Sir Francis Bacon said it in 1597, and it’s still damn true a half century and change later.
Especially in your relationships.
So there I was, dating a woman. I thought, for certain, that though we were not on the relationship escalator, we were definitely walking up the relationship stairs together. Maybe it was going to be slow, maybe even decades, but that was the path we were on.
Maybe I was right in the beginning. But eventually, I was completely wrong.
Don’t focus on the particulars. Think back to any relationship you’ve had. Where you thought it was going a particular direction. Maybe you thought there was an understanding about something – what constitutes cheating, whether or not you wanted kids, what faith you’d end up following. And then you found out your partner, the person you trusted, had a completely different idea about what your relationship was about.
It’s jarring, especially if it’s a relationship you’ve invested a lot of time and energy into. You thought it was one thing, and then, suddenly, you’re faced with someone who isn’t who you thought they were, who doesn’t want what you thought you both wanted.
But the problem wasn’t that I was wrong about where the relationship was headed.
The problem was that I wasn’t aware that things had changed.
Everybody changes over time. Maybe you change with that person. Maybe you don’t.
In this case, the hopes and dreams I’d had for several years crashed and burned.
There wasn’t any compromise possible. Those dreams died.
And that was okay.
That’s the part that can be hard to understand. When my dreams and hopes for that relationship were smashed, it hurt. Absolutely. I’d be a fool to deny that.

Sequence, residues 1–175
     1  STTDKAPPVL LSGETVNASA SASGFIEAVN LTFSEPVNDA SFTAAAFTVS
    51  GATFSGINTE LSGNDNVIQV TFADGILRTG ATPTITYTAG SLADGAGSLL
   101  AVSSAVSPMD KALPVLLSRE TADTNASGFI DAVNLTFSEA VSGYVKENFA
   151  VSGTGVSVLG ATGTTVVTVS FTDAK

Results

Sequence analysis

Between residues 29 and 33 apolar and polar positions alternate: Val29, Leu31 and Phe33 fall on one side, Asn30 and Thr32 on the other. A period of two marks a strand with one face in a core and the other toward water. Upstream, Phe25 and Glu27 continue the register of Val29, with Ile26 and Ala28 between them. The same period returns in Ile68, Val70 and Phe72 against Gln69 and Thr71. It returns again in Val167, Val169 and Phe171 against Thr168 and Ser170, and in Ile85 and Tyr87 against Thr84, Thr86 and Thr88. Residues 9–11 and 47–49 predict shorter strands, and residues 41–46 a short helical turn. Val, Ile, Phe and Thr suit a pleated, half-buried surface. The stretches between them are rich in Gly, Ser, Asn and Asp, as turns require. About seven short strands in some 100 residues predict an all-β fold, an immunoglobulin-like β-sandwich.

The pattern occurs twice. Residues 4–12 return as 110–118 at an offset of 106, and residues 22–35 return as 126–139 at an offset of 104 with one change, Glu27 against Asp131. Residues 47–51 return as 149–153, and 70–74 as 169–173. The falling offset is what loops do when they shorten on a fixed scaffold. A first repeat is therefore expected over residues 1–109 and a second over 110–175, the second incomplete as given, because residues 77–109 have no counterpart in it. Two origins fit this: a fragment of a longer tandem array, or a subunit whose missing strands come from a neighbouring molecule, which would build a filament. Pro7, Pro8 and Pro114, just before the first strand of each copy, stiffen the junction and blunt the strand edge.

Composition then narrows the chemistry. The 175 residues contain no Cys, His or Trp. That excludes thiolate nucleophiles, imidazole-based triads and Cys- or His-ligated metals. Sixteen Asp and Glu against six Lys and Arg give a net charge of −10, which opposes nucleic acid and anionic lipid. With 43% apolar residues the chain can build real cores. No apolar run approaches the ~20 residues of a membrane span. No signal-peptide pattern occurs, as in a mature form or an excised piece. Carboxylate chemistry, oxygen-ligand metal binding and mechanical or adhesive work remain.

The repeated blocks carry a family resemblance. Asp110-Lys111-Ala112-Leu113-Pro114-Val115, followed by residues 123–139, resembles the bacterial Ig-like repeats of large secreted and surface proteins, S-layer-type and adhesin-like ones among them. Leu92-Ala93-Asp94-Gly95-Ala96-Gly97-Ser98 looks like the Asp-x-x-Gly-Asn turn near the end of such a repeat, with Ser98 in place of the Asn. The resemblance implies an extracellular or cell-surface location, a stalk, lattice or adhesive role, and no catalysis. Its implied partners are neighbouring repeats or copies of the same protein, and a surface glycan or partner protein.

But I had spent a couple of months getting shredded by those same hopes and dreams.
See, when the people in a relationship have different ideas about where it’s going, they have different expectations about how that relationship should function. Those things can be small, large, and every size inbetween. But even if they’re tiny expectations, they can still feel like massive betrayals when the expectations are violated.
So it was a relief when I finally sat down with them and realized that the structure of the relationship had changed.
Sure, it hurt. Quite a lot.
But it hurt so much less than thinking I was being betrayed and hurt on a regular basis by a person that I loved and trusted.
Once I knew that our goals for the relationship had changed, it made things a lot easier. I was no longer bashing my head against percieved violations. They were no longer wondering why I was upset about something stupid.
Once our expectations were aligned and we were on the same page, we could move on with our relationship and enjoy each other’s company.
We could begin healing the damage that had been created by that lack of communication.
And we could begin loving again.
This is why it’s important to communicate with your partner(s), even if it’s a big thing, even if it’s something that you are sure will hurt them.
It will come out in your behavior. It will come out in your expectations, in your communication.
But without actually communicating it, all that will happen is conflict. Avoiding the sharp pain of telling those you love about what’s going on inside your head will only cause them long stretches of self-doubt and hurt.
I know this because I’ve been on the other side. I’ve been the fearful one, the one trying to be “kind”. And I know the pain and hurt that I caused.
Don’t be that person.
Communicate with those you love. Tell them the truth about where you are, even if it’s a truth they don’t want to hear.
It will be better for everyone.